This project presents teens an opportunity to participate in a free program exploring ideas of co-authorship and participatory practice in art and design with one-on-one mentorship from professional practitioners, engaged in a cultural discourse around the idea of home and identity. Offering an alternative experience of creation, pedagogy and knowledge Exchange welcomes young people into the galaxy of a temporary artist studio where learning is valued in a different way.
Keg de Souza
In 2013, de Souza developed projects for the 5th Auckland Triennial, 15th Jakarta Biennale and the 4A Centre for Contemporary Asian Art, Sydney. More recently, at the Delfina Foundation, London, she hosted a series of picnics held inside an inflatable tent installation designed to fit within the gallery space. Notionally “traditional” English food such as cucumber sandwiches, Cornish pasties and Ploughman’s Lunches were made linking to specific cultural histories as a way to discuss class, privilege, space and colonialism. As picnickers ate and spoke, de Souza mapped the discussion on the floor creating a giant cartography of the conversation. Also in 2014 she completed a residency with KUNCI Cultural Studies Center in Yogyakarta, Indonesia working closely with community organizers and residents of Kampung Ratmakan to create an inflatable ghost house and a film featuring drawings by local children made during a ghost story workshop. Their local government had announced a major development plan affecting the Ratmakan area and the people living there started to be displaced. The area is built on a graveyard so ghosts are constantly appearing to the residents, ongoing exorcisms by the local ghost expert, paralleling their own evictions in the living world.
Scott is an artist from Kahnawake who currently lives and works between Toronto and Montréal. His work is based in writing and illustration. His ongoing comic book series, Wendy, follows the fictional narrative of a young woman living in an urban centre, whose dreams of contemporary art stardom are perpetually derailed by her own fears and desires. For the Images Festival 2015, Scott produced Wendy Live! where a cast of English, Japanese and Mohawk-speaking performers enacted the newest Wendy book before its 2016 North American English-language release. Alongside his comic work, Scott produces work involving printmaking and sculpture and is represented by Macaulay & Co. Fine Art, Vancouver. He recently completed a residency at the Koganecho Bazaar, Yokohama, Japan.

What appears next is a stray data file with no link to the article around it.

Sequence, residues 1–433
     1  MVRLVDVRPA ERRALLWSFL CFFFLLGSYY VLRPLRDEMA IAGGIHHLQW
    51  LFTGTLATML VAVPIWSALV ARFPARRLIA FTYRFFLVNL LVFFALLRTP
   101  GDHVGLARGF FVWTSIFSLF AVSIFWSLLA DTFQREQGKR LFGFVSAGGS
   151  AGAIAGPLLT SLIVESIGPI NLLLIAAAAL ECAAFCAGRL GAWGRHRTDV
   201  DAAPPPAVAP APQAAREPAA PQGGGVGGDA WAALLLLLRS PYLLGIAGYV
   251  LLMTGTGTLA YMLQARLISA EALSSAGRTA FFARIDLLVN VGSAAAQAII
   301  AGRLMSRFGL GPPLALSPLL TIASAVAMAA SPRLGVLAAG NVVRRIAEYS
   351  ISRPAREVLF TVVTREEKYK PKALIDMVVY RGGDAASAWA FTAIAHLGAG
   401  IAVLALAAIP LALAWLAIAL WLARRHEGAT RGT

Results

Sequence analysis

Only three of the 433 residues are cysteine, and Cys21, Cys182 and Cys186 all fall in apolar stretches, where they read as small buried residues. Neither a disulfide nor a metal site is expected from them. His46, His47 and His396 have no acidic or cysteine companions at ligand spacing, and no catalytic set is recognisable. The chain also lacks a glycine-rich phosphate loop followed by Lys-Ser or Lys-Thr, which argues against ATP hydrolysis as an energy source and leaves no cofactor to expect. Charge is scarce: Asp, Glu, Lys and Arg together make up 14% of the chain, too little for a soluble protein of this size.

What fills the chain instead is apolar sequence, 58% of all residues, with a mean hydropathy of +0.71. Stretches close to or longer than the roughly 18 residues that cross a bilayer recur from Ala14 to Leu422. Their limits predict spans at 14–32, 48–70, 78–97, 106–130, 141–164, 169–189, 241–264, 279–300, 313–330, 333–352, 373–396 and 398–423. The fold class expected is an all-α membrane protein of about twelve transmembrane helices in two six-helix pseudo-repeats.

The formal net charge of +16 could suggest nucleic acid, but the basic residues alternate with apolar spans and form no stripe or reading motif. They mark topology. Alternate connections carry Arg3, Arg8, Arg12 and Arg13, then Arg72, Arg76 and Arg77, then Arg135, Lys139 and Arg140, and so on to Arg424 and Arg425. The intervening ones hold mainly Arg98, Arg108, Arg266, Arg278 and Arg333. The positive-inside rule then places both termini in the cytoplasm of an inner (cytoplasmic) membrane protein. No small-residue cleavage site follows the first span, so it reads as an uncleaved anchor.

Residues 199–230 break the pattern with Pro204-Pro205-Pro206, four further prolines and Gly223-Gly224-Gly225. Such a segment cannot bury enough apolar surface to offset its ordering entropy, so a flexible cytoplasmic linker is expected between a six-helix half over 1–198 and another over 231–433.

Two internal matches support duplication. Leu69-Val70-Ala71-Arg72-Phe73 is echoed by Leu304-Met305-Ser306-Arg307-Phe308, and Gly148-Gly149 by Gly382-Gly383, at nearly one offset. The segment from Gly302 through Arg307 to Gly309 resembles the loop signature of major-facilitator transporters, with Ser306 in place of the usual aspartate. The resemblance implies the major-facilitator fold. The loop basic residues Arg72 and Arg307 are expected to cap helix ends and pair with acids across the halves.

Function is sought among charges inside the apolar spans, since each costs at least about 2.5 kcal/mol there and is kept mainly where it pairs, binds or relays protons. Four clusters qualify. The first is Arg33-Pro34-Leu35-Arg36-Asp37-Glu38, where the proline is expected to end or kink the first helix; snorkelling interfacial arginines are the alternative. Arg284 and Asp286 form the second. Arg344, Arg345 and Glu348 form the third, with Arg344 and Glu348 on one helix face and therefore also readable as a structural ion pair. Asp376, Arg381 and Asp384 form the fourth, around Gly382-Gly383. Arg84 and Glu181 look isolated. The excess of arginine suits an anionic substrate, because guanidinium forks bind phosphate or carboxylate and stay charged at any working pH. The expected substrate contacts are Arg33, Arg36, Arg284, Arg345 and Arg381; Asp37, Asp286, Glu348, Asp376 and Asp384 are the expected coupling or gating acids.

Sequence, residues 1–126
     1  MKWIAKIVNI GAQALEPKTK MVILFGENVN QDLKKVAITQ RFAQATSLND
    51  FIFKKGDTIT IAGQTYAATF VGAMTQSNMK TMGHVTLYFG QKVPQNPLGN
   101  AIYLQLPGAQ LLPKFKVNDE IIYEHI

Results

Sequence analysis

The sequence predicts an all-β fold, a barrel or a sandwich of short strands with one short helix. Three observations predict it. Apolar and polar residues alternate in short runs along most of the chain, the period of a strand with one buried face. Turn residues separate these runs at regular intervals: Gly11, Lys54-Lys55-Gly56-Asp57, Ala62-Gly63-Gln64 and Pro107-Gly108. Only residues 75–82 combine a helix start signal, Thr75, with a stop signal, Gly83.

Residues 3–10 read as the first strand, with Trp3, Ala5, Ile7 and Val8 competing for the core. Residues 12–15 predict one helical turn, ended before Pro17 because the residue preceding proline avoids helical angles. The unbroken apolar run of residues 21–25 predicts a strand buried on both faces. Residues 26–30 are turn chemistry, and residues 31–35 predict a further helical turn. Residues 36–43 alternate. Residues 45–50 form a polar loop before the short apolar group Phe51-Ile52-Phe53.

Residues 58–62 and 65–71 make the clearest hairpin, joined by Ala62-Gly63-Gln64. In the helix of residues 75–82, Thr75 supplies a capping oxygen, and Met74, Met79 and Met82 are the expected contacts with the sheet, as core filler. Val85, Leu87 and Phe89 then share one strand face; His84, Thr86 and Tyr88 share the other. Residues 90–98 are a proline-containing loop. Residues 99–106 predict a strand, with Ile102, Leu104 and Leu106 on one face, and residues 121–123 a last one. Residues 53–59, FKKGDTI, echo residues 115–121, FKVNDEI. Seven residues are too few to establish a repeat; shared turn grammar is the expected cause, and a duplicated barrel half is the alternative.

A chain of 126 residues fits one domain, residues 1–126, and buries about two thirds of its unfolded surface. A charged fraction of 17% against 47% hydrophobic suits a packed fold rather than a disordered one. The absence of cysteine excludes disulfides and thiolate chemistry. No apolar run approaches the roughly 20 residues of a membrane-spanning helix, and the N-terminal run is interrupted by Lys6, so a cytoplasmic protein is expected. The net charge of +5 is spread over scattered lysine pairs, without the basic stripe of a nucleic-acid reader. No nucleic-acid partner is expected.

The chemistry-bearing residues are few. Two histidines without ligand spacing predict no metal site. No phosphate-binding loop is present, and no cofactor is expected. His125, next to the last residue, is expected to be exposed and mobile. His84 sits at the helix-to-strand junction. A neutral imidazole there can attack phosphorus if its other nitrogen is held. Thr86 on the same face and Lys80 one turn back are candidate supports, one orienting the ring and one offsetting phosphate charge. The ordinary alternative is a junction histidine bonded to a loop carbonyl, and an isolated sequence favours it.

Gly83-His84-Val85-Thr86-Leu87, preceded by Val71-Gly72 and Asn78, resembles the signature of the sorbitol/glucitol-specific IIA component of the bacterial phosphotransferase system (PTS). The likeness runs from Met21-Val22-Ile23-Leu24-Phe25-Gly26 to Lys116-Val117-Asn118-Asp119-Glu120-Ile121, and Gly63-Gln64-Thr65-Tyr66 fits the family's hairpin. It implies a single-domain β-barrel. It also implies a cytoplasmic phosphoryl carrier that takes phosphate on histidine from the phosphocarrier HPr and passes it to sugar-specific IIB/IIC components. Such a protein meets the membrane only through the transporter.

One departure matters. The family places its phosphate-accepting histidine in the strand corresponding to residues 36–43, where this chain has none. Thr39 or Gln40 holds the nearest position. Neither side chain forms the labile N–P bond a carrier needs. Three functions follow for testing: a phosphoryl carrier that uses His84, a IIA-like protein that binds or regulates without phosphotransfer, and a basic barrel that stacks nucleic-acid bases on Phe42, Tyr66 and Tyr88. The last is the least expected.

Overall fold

Burrard Marina Field House artist-in-residence Maddie Leach speaking at the ‘spaced symposium’ Perth, WA, Australia.
Reflecting on the spaced 2: future recall projects, the spaced symposium presented a day of discussions addressing the relationship between museums, contemporary art and communities.MORE
Maddie Leach | Mandurah – courtesy of spaced 2: future recall
spaced 2: future recall, the second edition of the spaced program, presented newly commissioned artworks by fourteen contemporary Australian and international artists who lived and worked for extended periods in Western Australian rural and remote communities throughout 2013-14, developing works based on an engagement with local residents, histories and landscapes.
Thank you to spaced 2, Perth, WA, Australia for sharing the video.
See more about ‘spaced 2′ here: spaced.org.au/exhibitions/
A CAG video featuring Keg de Souza, Burrard Marina Field House artist-in-residence, she discusses her projects made during her residency earlier this year. Watch out for Keg’s return for a follow up project in July.
Keg de Souza
July 20 to August 3, 2015
Australian artist de Souza continues work towards a series of public events in 2016 exploring food culture as a metaphor for urban displacement. In April, de Souza’s handmade inflatable dome became a temporary space at the Burrard Marina Field House for a public picnic engaging Canadian colonial narratives via a consideration of national food traditions. Meeting with local chefs, food activists and residents de Souza prepared a truly Canadian feast as a source for an afternoon of unfolding dialogue that the artist mapped directly onto the inflatable’s flooring. A starting point for the discussion was the ephemerality of the event itself — the only remnant left behind an intertwining of disconnected dialogues, mapped together with dirty dishes, crumbs and more questions posed. After the meal was eaten the structure deflated, the temporary community dispersed. De Souza will be hosting a second event in July, continuing to use food as an avenue to discuss local spatial politics.